- Spacers used in proprietary surgeries such as NuVasive’s XLIF® (Extreme Lateral Interbody Fusion) and Medtronic’s DLIF (Direct Lumbar Interbody Fusion) should become revenue drivers as these approaches gain surgeon acceptance and familiarity.
- A myriad of surgical approaches to interbody fusion allow for a flood of approach-specific products into the market. Current interbody fusion approaches include anterior lumbar interbody fusion (ALIF), posterior lumbar interbody fusion (PLIF), transforaminal lumbar interbody fusion (TLIF), and the MIS approaches mentioned in point 5. Currently, research is also being conducted as to the efficacy of innovative MIS approaches to TLIFs. These approaches are being undertaken with various retractor systems.
AAOS 2008: Instrumentation Costs and Paper Related to Interbody Fusion Outcomes
During a symposium at AAOS 2008 in San Francisco, entitled “The Process of Developing Novel Technology for the Spine,” Dr. David Wong explained that both the cost and usage of instrumentation has increased in spine fusion. As an example, a comparison was made between the instrumentation costs for an L5-S1 posterior lumbar fusion performed on a male smoker in 1997 and in 2003. In 1997, the instrumentation for this procedure could have been a Sofamor Danek TSRH® rod and screw system, which cost $3,207. In contrast, in 2003, an L5-S1 anterior/posterior lumbar fusion on a 51-year-old male smoker could include significantly more instrumentation-related costs. Table 1 below highlights the possible components and costs for the 2003 procedure as shown in the presentation.
Table 1: L5-S1 Posterior /Anterior Fusion Estimated Instrumentation Costs
Source: AAOS 2008, “The Process of Developing Novel Technology for the Spine,” by Dr. David Wong
Also seen at AAOS 2008 were papers showing continued interest in MIS techniques with respect to interbody fusion, a trend which we believe will be a major revenue driver. Below are summaries of two papers presented dealing with TLIF and XLIF.
Paper Number 086: Clinical Outcome of Minimally Invasive Versus Open Transforaminal Lumbar Interbody Fusion
This paper was written by Dr. Benedict Peng, Dr. Wai Muun Yue, and Dr. Seang Beng Tan. According to the abstract, “The purpose of this study is to compare the clinical results of minimally invasive versus open transforaminal lumbar interbody fusion.” In conclusion, the doctors stated: “Minimally invasive transforaminal lumbar interbody fusion is a safe and efficacious technique. It is associated with less blood loss, less analgesic use and shorter hospitalization when compared to open procedure. It appears that the benefits of minimally invasive surgery are in the early postoperative period with no significant difference in the clinical outcome at 6 months and 2 years postoperation compared to open surgery.”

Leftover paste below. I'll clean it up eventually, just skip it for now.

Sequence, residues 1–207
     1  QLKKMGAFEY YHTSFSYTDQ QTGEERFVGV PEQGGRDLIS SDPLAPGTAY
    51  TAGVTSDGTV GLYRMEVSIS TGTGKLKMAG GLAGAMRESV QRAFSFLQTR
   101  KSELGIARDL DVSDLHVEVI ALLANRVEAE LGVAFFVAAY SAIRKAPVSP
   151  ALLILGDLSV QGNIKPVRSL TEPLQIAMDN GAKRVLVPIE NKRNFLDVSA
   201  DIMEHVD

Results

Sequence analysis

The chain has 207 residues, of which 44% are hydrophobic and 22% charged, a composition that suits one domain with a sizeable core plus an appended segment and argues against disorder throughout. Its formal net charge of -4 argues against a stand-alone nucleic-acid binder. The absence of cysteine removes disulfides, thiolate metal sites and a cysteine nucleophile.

Other studies will continue to examine the benefits of MIS. However, studies such as this begin to confirm the efficacy of these approaches. Successful outcomes related to surgical approaches that employ interbody implants should be viewed positively with respect to interbody spacer revenues.
Paper Number 528: Extreme Lateral Interbody Fusion (XLIF): Evaluation of Safety and Short-Term Results
This paper was written by Dr. Victor Hsu, Dr. Behrooz Akbarnia, Dr. Bruce van Dam, Dr. Ramin Bagheri, and Tina Chen. According to the abstract, “The purpose of this study is to evaluate the safety and early clinical results for this technique.” In conclusion, the doctors stated: “The complications associated with anterior approach to interbody fusions can be avoided using the XLIF technique. XLIF is performed through a minimally invasive retroperitoneal approach to the spine that allows excellent disc space visualization to place large anterior grafts. Our review shows excellent clinical results are safely obtained using this novel procedure.”
This paper is a positive for NuVasive’s XLIF. And, it helps support one of our theses on revenue drivers in the spine market: Implants used in proprietary surgeries could continue to drive revenues.
These two papers viewed MIS in a positive light. As always, there will be further scrutiny and study of the approaches, as physicians continue to learn about these exciting innovations.
Single-Sided Posterior Instrumentation
With respect to interbody fusion, there may be a possible reversal of trends in instrumentation. Over time, the use of instrumentation has increased in fusion, hence driving revenues. A reversal in the use of instrumentation would obviously affect revenues. Research is currently being conducted with respect to single-sided instrumentation in PLIFs. If outcomes and fusion rates are equivalent to current practice, this approach could be viewed favorably by both surgeons and hospitals given the potential cost savings.
The Rising Tide
The tide of interbody fusion has been a major driver of revenue growth in the spine market. This has been accomplished, in part, through increased usage of spacers and instrumentation. Innovation with respect to materials, surgical approaches, a better understanding of the biomechanics of the spine, and issues surrounding devices made of bone have all contributed to growth in this market.